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Title: EU-NICE, Eurasian University Network for International Cooperation in Earthquakes
Author: Faggella, M.
Monti, G.
Braga, F.
Gigliotti, R.
Capelli, M.
Spacone, E.
Laterza, M.
Triantafillou, T.
Varum, H.
Dost-Safi, M.
Subedi, J.
Dixit, A.
Lodi, S.
Rahman, Z.
Limkatanyu, S.
Xiao, Y.
Yingmin, L.
Kumar, H.
Salvatore, W.
Cecchini, A.
Lukkunaprasit, P.
Keywords: Higher education
Development cooperation
Earthquake engineering
Issue Date: 2012
Abstract: Despite the remarkable scientific advancements of earthquake engineering and seismology in many countries, seismic risk is still growing at a high rate in the world’s most vulnerable communities. Successful practices have shown that a community’s capacity to manage and reduce its seismic risk relies on capitalization on policies, on technology and research results. An important role is played by education, than contribute to strengthening technical curricula of future practitioners and researchers through university and higher education programmes. In recent years an increasing number of initiatives have been launched in this field at the international and global cooperation level. Cooperative international academic research and training is key to reducing the gap between advanced and more vulnerable regions. EU-NICE is a European Commission funded higher education partnership for international development cooperation with the objective to build capacity of individuals who will operate at institutions located in seismic prone Asian Countries. The project involves five European Universities, eight Asian universities and four associations and NGOs active in advanced research on seismic mitigation, disaster risk management and international development. The project consists of a comprehensive mobility scheme open to nationals from Afghanistan, Bangladesh, China, Nepal, Pakistan, Thailand, Bhutan, India, Indonesia, Malaysia, Maldives, North Korea, Philippines, and Sri Lanka who plan to enrol in school or conduct research at one of five European partner universities in Italy, Greece and Portugal. During the 2010-14 time span a total number of 104 mobilities are being involved in scientific activities at the undergraduate, masters, PhD, postdoctoral and academic-staff exchange levels. This high number of mobilities and activities is selected and designed so as to produce an overall increase of knowledge that can result in an impact on earthquake mitigation. Researchers, future policymakers and practitioners build up their curricula over a range of disciplines in the fields of engineering, seismology, disaster risk management and urban planning. Specific educational and research activities focus on earthquake risk mitigation related topics such as: anti-seismic structural design, structural engineering, advanced computer structural collapse analysis, seismology, experimental laboratory studies, international and development issues in disaster risk management, social-economical impact studies, international relations and conflict resolution.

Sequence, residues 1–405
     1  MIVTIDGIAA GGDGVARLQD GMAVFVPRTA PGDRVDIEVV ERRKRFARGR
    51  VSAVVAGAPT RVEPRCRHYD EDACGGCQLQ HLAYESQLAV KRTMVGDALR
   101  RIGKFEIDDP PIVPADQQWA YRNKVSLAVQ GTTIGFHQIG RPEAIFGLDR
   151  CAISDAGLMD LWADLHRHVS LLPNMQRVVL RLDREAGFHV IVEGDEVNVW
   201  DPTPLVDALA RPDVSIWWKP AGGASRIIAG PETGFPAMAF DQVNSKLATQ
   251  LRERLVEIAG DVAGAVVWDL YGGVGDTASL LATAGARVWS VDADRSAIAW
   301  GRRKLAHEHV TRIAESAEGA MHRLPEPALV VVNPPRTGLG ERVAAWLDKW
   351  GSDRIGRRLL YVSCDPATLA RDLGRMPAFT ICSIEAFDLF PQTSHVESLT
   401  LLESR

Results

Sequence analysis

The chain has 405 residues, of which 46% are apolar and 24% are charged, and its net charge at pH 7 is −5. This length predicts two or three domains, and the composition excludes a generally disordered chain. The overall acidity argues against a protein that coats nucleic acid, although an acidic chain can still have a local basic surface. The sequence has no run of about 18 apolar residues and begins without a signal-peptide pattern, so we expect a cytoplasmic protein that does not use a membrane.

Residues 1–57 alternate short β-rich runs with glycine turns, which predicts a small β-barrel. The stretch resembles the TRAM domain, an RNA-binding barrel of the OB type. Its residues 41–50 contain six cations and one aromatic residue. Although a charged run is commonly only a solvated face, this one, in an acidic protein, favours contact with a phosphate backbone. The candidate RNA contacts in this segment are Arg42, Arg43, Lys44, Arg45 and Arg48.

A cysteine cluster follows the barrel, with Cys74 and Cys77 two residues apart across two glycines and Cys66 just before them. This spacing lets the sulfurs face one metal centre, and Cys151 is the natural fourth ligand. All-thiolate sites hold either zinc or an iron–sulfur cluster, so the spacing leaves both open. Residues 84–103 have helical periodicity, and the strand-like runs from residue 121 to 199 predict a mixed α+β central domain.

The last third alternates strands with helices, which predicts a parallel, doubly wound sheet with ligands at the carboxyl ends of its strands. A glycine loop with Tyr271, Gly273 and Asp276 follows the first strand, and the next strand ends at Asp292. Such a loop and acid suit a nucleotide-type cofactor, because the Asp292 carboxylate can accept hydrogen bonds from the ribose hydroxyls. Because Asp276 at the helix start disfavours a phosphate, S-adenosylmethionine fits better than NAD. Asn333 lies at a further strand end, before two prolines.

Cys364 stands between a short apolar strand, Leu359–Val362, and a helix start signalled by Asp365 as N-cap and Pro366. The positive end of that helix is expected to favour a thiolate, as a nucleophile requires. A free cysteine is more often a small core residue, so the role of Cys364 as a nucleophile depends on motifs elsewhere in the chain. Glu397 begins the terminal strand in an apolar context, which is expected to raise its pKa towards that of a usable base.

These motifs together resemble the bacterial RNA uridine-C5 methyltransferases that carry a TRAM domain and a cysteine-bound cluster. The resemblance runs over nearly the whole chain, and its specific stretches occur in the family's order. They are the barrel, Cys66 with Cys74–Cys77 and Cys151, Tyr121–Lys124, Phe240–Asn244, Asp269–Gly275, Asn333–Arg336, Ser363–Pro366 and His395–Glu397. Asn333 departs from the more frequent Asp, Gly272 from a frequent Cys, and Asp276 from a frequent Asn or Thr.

Peer review: yes
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